Thomas Jefferson offered this observation and it’s as relevant to mental preparation for a race as it is to any endeavor in life. The key is planning.
No matter how well you plan, prepare for a race or physically train, without being entirely convinced that you are as ready as you can possibly be for whatever comes up on race day, your motivation, confidence, focus and physical abilities to handle the psychological demands of the race will let you down. Properly engaged mental focus will give you the added fuel of positive emotion, which is the fuel to get out there and compete…and complete.
Here are the top 4 mental barriers that I’ve found derail performance on competition day—even if that competition is simply against the track you are running on:
(1) Motivation is only external
What’s the real reason you are running? Is it to satisfy yourself, to elevate your status, to increase your fame or wealth? Are you running because you love the sport and its challenges? Are your parents, spouse, friends, co-workers pushing in helpful or destructive ways? Have you set smart goals for yourself or are you borrowing someone else’s? If all your motivation comes from external (rather than internal) sources, you won’t develop and adhere to your physical and mental preparation plans.
(2) Talking yourself into anxiety
Are you convincing yourself that you “can’t win…finish…do well”? Perhaps you need more positive self-talk. In addition to realizing your actual progress during training and healthy support from others, you must avoid “all or nothing” self-talk and thinking, as well as avoid confusing your past performances with expectations for future performances. Anxiety is simply predicting the future with gloom and doom, so focus on relaxation, deep breathing, music, and avoid dire predictions of “horrible” results—you really can’t predict the future anyway. Common phrases in your self-talk along the way are often very motivating: “Good job…it’s not that much further…almost on the downhill side…not long before the stadium filled with my friends pops up.”
Ever try to NOT think about the “Pink Elephant”? The reason you can’t is because first you have to think about it in order to NOT think about it. Distractions come almost entirely from irrational, ungrounded worry. You compare yourself to your competitors, focus on irrelevant details concerning you, anticipate conditions that may not be present on race day, and erroneously believe that if you think about them then you can control them. Here’s where visualization, mental imagery and posted reminders in your gym bag, can all help. Mentally go through an entire race from waking up on race day and see what you will eat, how you warm up, all the way to the finish line. Go through the event in a positive way and rehearse every step: swim, T1, bike, T2, run and finish. Break the big picture into little pieces to keep focused on your goals, instead of irrelevant distractions.
(4) Deficient training
The wrong coach, an undisciplined or unstructured training program, preparing for the wrong conditions and improper nutritive planning, all lead to being poorly prepared. A lack of mental preparation includes not detailing out and planning your desired goals. What mindset do you visualize for yourself throughout the race? In an Ironman for example, it’s common for the human mind to give in to despair somewhere between 60-90 miles of the biking portion of the race. Preparing in advance for how you will re-think and deal with it (these thoughts normally pass at about 100 miles, so hang in!), will turn this seeming crisis into an expected challenge you are prepared to handle. Detailed goal setting, positive and rational self-talk, mental imagery, familiarity with the course, relaxation methods, concentration, focus skills to avoid distractions, are all are a part of complete mental preparation.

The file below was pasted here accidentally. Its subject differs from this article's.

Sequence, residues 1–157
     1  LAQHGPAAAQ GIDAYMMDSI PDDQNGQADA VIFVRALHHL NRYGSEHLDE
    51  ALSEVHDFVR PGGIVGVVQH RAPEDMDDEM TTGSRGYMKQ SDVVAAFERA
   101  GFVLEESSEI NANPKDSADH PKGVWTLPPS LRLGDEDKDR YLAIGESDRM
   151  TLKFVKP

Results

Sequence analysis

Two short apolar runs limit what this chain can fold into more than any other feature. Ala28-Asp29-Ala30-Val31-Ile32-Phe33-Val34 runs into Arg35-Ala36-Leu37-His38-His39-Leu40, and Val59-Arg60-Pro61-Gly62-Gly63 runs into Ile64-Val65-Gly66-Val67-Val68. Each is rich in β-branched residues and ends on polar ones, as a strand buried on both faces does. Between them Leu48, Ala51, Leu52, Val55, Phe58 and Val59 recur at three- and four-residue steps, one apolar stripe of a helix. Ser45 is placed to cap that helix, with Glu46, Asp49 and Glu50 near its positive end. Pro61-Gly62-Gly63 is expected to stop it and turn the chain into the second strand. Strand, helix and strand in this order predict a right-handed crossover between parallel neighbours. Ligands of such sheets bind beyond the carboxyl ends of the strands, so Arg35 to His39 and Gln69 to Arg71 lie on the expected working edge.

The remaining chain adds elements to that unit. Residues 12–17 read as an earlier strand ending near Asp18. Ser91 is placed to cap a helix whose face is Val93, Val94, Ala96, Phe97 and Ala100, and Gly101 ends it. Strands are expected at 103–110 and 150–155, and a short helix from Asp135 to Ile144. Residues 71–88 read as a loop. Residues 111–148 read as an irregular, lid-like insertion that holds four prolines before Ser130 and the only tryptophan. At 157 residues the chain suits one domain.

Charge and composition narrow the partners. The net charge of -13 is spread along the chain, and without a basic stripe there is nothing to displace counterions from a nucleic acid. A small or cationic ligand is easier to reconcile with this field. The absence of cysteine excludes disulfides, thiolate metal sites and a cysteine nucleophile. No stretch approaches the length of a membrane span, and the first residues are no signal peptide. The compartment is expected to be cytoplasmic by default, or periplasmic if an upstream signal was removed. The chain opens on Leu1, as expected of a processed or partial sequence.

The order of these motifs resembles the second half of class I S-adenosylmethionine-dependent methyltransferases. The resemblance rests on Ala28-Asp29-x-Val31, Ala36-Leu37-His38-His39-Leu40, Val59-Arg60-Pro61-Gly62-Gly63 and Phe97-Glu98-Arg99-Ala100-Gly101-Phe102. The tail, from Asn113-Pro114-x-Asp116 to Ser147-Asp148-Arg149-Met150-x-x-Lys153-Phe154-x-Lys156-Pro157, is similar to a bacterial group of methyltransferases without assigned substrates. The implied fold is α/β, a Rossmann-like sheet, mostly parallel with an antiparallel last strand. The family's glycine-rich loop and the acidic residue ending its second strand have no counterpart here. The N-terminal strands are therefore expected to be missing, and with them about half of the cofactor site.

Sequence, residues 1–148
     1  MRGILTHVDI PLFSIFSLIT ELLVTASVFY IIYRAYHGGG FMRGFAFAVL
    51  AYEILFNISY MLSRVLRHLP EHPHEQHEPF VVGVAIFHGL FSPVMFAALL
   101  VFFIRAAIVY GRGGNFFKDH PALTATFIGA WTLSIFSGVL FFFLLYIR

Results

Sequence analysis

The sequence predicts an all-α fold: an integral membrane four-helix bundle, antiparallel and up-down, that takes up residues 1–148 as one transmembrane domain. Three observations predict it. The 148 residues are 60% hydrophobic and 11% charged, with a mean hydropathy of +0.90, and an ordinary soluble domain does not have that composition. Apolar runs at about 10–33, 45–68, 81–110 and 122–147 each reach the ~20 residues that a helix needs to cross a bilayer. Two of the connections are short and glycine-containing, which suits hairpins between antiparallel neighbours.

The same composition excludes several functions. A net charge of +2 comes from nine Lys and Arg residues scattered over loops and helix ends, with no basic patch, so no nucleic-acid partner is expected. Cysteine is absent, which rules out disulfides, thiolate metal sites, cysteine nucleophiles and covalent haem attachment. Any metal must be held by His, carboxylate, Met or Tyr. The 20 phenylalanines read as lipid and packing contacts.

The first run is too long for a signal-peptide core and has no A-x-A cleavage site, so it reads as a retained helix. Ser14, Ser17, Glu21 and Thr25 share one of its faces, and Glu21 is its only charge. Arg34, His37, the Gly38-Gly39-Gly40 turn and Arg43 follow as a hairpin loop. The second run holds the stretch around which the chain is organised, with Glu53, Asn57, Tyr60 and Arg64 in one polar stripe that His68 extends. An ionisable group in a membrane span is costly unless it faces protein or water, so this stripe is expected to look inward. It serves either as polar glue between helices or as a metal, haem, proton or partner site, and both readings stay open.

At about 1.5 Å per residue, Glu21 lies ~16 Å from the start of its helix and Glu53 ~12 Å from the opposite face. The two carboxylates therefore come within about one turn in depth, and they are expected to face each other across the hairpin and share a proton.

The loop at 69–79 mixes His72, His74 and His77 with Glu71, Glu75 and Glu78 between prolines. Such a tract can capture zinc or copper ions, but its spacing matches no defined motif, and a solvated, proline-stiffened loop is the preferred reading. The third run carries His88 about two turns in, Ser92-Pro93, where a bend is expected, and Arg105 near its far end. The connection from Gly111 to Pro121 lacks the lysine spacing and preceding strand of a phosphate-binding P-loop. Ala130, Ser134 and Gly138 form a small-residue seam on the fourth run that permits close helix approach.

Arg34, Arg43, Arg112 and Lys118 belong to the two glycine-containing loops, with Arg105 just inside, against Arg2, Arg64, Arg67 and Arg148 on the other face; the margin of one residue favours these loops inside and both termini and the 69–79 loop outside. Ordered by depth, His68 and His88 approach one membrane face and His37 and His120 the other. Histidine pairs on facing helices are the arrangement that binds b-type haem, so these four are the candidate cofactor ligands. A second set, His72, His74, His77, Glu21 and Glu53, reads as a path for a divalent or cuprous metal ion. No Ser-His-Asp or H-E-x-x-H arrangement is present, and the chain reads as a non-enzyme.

What’s The Fix? OMP
These three letters are Optimal Mental Performance. The optimal mindset is central to your success performance. It builds self-confidence, helps you control your mental energy throughout the race course, provides focus on the essential elements of your competition, and creates a sense of familiarity as you move through, in reality, what you’ve rehearsed so many times, in imagery.
Begin with the end in mind as you prepare yourself for a big event. How will you need to think and feel to do your best? That’s the key—striving to do your best. What is the right “mindset” to achieve this goal? How do you see yourself feeling and thinking at the start line? What are you focusing on that jettisons you towards doing your best? You might want to compare your previous best and worst performances to see how the answers to these questions change. What does your optimal mindset look, sound and feel like? What cue words do you hear in your optimal mental self-talk? What do you need to do to be mentally and physically ready along the race from warm-up to finish? As you rehearse, listen to yourself positively comment on your progress as you pass landmarks you’ve “seen” in your mental imagery. These strategy rehearsal tips will help you with energy management, and the mental and physical challenges during the race and in post-race recovery.
Michael R. Mantell, Ph.D. has served as an Assistant Clinical Professor in the Department of Psychiatry at the University of California, San Diego and as the Senior Fitness Consultant for Behavioral Sciences for the American Council on Exercise. He is a behavioral sciences coach and consultant, an Advisor to many fitness and health organizations, a member of the Scientific Advisory Board of the International Council on Active Aging, the Chief Consultant for Behavior Sciences for the Premier Fitness Camp at Omni La Costa, a presenter for Rancho La Puerta, a best-selling author and an international fitness-health speaker. In 2013, Greatist.com named Dr. Mantell as one of “The 100 Most Influential People in Health and Fitness.”